- Gloria Jetter, of Brooklyn, holds a sign expressing her views at the Occupy Wall Street Encampment at Zuccotti Park Tuesday, Nov. 15, 2011 in New York. (AP Photo/Mary Altaffer)
- Sean McCauley, of, Sewell, N.J. holds a sign expressing his views at the Occupy Wall Street encampment at Zuccotti Park, Saturday, Nov. 12, 2011 in New York. (AP Photo/Mary Altaffer)
- An Occupy Wall Street protestor draws contact from a police officer near Zuccotti Park after being ordered to leave the longtime encampment in New York, Tuesday, Nov. 15, 2011 (AP Photo/John Minchillo)
- Will Portal, of Suffolk County, Long Island, holds up a sign expressing his views at the Occupy Wall Street encampment at Zuccotti Park, in New York, Wednesday, Nov. 9, 2011. (AP Photo/Mary Altaffer)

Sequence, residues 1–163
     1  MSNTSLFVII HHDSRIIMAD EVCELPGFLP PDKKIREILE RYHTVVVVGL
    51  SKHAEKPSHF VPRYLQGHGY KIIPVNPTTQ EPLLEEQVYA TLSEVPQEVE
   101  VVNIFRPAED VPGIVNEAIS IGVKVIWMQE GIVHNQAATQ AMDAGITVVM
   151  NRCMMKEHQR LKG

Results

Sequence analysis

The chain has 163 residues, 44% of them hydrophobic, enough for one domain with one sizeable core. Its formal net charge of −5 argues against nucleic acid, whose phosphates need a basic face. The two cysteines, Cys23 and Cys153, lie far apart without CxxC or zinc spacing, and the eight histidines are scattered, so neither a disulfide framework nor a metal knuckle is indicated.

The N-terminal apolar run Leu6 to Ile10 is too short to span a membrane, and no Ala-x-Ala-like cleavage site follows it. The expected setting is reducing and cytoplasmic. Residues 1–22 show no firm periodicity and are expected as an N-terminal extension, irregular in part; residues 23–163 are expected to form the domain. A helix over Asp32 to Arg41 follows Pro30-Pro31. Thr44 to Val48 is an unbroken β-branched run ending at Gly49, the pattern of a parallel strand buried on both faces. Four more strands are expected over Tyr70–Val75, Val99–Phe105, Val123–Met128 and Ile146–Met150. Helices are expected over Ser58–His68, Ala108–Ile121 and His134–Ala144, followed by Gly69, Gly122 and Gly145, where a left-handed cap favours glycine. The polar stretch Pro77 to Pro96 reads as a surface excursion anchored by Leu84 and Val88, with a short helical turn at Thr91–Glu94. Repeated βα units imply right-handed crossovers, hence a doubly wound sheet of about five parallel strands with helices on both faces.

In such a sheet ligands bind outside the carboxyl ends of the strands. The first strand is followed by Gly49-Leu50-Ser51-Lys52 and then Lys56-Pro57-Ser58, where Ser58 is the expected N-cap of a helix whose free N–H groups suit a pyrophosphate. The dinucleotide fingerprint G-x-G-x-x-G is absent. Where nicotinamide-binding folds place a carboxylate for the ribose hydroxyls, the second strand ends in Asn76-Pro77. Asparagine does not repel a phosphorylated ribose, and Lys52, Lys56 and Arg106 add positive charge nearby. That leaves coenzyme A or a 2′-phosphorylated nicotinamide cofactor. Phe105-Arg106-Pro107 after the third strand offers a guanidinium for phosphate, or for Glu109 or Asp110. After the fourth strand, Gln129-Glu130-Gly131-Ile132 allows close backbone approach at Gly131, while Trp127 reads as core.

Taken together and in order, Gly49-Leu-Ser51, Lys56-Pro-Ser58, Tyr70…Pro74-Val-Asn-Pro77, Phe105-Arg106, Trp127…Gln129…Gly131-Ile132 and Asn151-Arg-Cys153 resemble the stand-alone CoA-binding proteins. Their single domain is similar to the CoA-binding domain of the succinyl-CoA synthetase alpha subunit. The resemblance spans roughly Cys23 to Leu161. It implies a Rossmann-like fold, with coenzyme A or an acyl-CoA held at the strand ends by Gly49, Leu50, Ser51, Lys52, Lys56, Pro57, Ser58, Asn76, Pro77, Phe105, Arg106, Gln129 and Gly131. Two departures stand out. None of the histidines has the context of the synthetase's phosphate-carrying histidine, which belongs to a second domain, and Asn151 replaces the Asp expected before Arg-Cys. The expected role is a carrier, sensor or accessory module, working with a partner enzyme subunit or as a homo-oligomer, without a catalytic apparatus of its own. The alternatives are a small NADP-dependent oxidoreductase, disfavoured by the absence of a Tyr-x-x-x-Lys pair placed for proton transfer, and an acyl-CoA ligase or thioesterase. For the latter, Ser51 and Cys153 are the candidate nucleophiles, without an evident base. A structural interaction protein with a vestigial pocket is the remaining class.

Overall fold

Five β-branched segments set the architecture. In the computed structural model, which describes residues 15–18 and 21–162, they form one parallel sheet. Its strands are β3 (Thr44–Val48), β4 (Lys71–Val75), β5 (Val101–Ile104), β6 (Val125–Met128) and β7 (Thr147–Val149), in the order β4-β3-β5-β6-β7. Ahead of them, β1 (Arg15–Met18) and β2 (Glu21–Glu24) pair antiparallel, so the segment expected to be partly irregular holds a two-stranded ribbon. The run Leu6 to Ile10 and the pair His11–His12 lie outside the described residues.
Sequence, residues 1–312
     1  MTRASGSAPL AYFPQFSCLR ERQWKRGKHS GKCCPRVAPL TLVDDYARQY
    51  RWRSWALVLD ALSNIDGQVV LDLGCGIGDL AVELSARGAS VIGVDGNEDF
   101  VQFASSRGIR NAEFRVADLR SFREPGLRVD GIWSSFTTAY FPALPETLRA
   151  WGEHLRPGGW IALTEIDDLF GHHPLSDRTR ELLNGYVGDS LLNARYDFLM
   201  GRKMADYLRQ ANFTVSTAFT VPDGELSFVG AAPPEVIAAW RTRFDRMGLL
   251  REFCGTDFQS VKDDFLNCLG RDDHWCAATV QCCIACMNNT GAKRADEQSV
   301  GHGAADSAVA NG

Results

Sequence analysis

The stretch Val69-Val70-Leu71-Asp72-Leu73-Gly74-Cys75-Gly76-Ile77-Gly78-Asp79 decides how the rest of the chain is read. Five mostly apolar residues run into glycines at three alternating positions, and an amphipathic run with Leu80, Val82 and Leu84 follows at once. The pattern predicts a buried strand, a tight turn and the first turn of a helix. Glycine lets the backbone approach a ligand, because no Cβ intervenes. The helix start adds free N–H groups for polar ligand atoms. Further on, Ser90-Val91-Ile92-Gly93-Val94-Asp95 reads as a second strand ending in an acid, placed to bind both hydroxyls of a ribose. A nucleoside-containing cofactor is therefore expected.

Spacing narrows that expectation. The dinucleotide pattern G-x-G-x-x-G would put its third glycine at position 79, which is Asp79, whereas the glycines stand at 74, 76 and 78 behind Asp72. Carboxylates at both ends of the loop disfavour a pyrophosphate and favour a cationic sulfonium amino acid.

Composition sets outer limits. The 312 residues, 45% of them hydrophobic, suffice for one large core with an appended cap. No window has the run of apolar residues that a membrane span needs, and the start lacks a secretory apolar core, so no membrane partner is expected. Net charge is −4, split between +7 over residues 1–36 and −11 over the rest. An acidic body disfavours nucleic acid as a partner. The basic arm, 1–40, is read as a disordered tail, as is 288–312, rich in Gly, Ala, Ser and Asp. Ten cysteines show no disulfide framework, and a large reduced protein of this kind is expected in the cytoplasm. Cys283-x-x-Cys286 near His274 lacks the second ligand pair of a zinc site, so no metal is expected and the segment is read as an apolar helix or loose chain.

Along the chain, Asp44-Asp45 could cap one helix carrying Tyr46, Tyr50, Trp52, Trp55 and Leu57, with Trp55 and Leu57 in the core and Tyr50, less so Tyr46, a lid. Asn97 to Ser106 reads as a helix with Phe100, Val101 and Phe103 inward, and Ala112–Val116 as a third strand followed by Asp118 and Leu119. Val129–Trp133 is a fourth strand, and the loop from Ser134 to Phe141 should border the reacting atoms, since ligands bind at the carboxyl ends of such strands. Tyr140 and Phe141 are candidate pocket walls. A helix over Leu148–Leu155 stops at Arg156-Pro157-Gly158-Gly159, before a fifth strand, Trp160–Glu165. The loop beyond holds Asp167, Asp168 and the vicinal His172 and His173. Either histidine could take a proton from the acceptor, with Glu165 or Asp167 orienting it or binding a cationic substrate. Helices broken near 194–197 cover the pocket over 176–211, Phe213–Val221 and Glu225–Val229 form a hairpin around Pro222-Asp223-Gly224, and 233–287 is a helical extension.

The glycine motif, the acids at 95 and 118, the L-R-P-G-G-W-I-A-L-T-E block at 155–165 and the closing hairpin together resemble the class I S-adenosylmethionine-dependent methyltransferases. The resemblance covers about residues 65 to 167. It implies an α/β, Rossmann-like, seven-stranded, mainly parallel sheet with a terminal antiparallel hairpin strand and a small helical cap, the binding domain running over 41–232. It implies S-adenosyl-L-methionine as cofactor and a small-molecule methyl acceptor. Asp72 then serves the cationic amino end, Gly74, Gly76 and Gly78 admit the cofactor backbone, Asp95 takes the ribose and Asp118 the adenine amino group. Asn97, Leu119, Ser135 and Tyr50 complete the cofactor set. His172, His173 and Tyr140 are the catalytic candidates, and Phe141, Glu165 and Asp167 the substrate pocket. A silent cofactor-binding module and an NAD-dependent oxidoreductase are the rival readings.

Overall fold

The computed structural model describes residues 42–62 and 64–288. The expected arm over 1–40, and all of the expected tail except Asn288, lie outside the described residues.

- An Occupy Wall Street protester holds up a sign at a police barricade near the encampment at Zuccotti Park in New York, early Tuesday, Nov. 15, 2011. (AP Photo/Mary Altaffer)
- Jorge Luis Javier, left, and James Duarte, both from the Bronx, stand at a police line making peace sign gestures at the Occupy Wall Street Encampment at Zuccotti Park Tuesday, Nov. 15, 2011 in New York. (AP Photo/Mary Altaffer)
- Marie Farina, of Queens, holds a sign expressing her views about Penn State football coach Joe Paterno at the Occupy Wall Street encampment at Zuccotti Park in New York, Wednesday, Nov. 9, 2011. (AP Photo/Mary Altaffer)